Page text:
It’s not like Frontale were unbeatable: they actually lost seven games out of 44, which has been beaten only by three clubs among J2 League champions in the last decade (Omiya Ardija in 2015, Kashiwa Reysol in 2019 and Tokushima Vortis in 2020), although over 42 games. But Frontale got just three draws… which means they were going for the win every match. And in fact, they won 34 games: 10 of those by scoring 4 or more goals.

The main heroes

The main trait about that squad was loyalty. Take the backline: the three most-present in defense in that season were Yoshinobu Minowa (eight years in the squad), Hiroki Ito (12 seasons with Frontale, his full career) and Shuhei Terada (same path). Both Minowa and Terada reached the Japan national team thanks to their performances with Frontale. Last but not least, Terada is currently in the staff of Kawasaki as an assistant coach.

We can’t deny a 22 years-old in his sophomore season made the difference. He debuted the year before and 2004 represented the first time with his no. 14. Kengo Nakamura was still relatively unknown within the Japanese football-sphere, but it seemed fair to say he was just starting. 41 games and five goals testify the weight – emotionally and technically – he already had back then on the squad.

And then there was the “Carioca contingent”: just like now – with Jesiel and Leandro Damião, maybe Marcinho soon? –, the Brazilians made the difference. Augusto César wasn’t just the older player within the squad, but also the guide for the team. He came from winning ways with Corinthians in Brazil – playing with future World Champions – and Kashima Antlers. Relying on his experience was the right call.

The Kawasaki Sun.

Then there was the no. 10. No, not Marcus, who nevertheless had his impact on Frontale in his first two years on the black and blue side of the Tama river. We’re talking about Juninho. No, not Pernambucano or Paulista, but Carlos Alberto Carvalho dos Anjos Júnior, who had already 28 goals for Frontale in his rookie season. The ’04 was just magical to witness: Juninho scored 37 more, cementing his role in Frontale’s history.

Some numbers

We gave you already a lot of numbers, so just try to stick to these three.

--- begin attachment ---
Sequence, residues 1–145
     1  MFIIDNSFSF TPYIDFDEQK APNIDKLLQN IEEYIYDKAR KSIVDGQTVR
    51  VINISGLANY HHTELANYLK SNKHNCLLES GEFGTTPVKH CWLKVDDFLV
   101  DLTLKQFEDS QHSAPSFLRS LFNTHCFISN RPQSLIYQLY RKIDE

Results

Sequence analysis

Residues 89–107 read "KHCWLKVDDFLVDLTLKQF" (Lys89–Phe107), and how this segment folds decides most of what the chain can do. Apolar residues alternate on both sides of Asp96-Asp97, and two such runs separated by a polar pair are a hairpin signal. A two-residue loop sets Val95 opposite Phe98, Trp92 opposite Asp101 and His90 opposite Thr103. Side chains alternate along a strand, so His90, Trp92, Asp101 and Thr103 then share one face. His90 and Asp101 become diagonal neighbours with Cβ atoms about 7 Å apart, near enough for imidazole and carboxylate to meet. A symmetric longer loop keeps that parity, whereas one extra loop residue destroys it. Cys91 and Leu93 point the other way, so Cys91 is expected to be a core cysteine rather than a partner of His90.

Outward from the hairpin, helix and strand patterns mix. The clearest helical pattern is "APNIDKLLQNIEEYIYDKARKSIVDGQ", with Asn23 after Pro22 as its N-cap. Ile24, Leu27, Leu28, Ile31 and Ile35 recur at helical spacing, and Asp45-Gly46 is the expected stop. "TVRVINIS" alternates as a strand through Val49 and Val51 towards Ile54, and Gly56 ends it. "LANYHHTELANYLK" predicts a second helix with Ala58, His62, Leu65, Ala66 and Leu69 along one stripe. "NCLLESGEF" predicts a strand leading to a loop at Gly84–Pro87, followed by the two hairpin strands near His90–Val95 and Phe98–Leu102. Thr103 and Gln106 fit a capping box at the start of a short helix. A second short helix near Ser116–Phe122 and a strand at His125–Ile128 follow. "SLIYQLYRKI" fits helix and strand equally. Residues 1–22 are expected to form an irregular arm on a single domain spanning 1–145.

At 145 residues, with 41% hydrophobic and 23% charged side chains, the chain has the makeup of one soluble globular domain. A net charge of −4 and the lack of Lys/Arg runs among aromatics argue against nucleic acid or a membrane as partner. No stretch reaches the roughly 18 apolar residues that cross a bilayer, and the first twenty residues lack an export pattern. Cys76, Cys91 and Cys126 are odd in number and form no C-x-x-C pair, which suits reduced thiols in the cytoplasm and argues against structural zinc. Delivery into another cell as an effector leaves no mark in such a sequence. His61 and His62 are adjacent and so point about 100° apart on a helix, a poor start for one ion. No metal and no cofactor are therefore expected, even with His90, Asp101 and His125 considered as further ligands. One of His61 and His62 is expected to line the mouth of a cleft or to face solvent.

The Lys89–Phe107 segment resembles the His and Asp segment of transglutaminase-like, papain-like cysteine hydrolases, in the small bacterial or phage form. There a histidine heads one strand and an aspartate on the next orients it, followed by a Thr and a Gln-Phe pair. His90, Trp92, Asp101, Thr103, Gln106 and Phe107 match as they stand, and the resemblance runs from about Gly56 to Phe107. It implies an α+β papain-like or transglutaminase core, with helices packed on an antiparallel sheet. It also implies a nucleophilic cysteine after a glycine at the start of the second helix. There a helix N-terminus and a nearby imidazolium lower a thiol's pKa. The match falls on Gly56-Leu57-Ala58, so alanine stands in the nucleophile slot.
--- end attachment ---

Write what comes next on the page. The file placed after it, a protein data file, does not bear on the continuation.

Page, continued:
104. Like the goals Frontale scored, with 14 players who appeared in the score sheet that season. As today, it’s still the record for most goals scored by a team in a J2 campaign.

(+)66. No, not a number code for calling a foreign country, but the goal difference accumulated by Frontale in that ’04 under Sekizuka.

34. It’s the number of wins Frontale gathered in that year. Like we said, a team playing always for the win was sometimes losing, but – with that kind of firepower and talent – could actually win a lot of matches. And indeed, they did.

Where are they now?

It’s tough to write something more than we’ve already done throughout the last 18 months. We even did it in Italian, I mean… we’ve covered Frontale enough, we think.

  • Unlike two of his players (Naoki Soma and Toru Oniki), Takashi Sekizuka faced an uphill battle once he left Frontale. He brought Kawasaki almost to the top, always slipping one step from the finish line. He then slipped again, coming fourth in the 2012 London Olympics.

    Unfortunately, his two final stints in the club football were dreadful: he lasted just 21 games at Júbilo Iwata, on their way to drop to J2. Then a three years-stint with JEF United Chiba produced only a playoff final lost to Montedio Yamagata in 2014, before seeing the end of his time in the dugout.
  • Juninho scored 37 goals in 39 games that season. But he did more than that: he’s still the player with most hat-tricks in J2 (6), the most hat-tricks in one season (3, just like he already did in ’03) and the most goals in a season (37, tied by Hulk in ’07). He repeated himself even in J1, where he won again the top-scoring title and scored double-digits of goals for sixe seasons in a row.

    He even wanted to get Japanese citizenship and represent Japan, but he abandoned that desire after realizing he wasn’t fluent enough with the language. Nevertheless, he remained a symbol in both Frontale’s and J. League’s history.
  • Takuro Yajima, a young 19-years-old stirker in ’04, played just one game: 28 minutes at Sagan Tosu in an away 3-0 win. He’s always been a mystery to us: he ended up playing a decade in J1, but he never scored more than seven goals per year. Never reached a peak in terms of performance.

This was the third episode of “J. Finest Hour”. We’re gonna go through with another episode in two weeks, but for now you can just enjoy another trip to Memory Lane. If you want to read our two previous episodes, here they are (Jubilo ’02 and Sanfrecce ’08).

Stay tuned for other contents and the J. League in general: it’s gonna be a fun ride until the end of the year.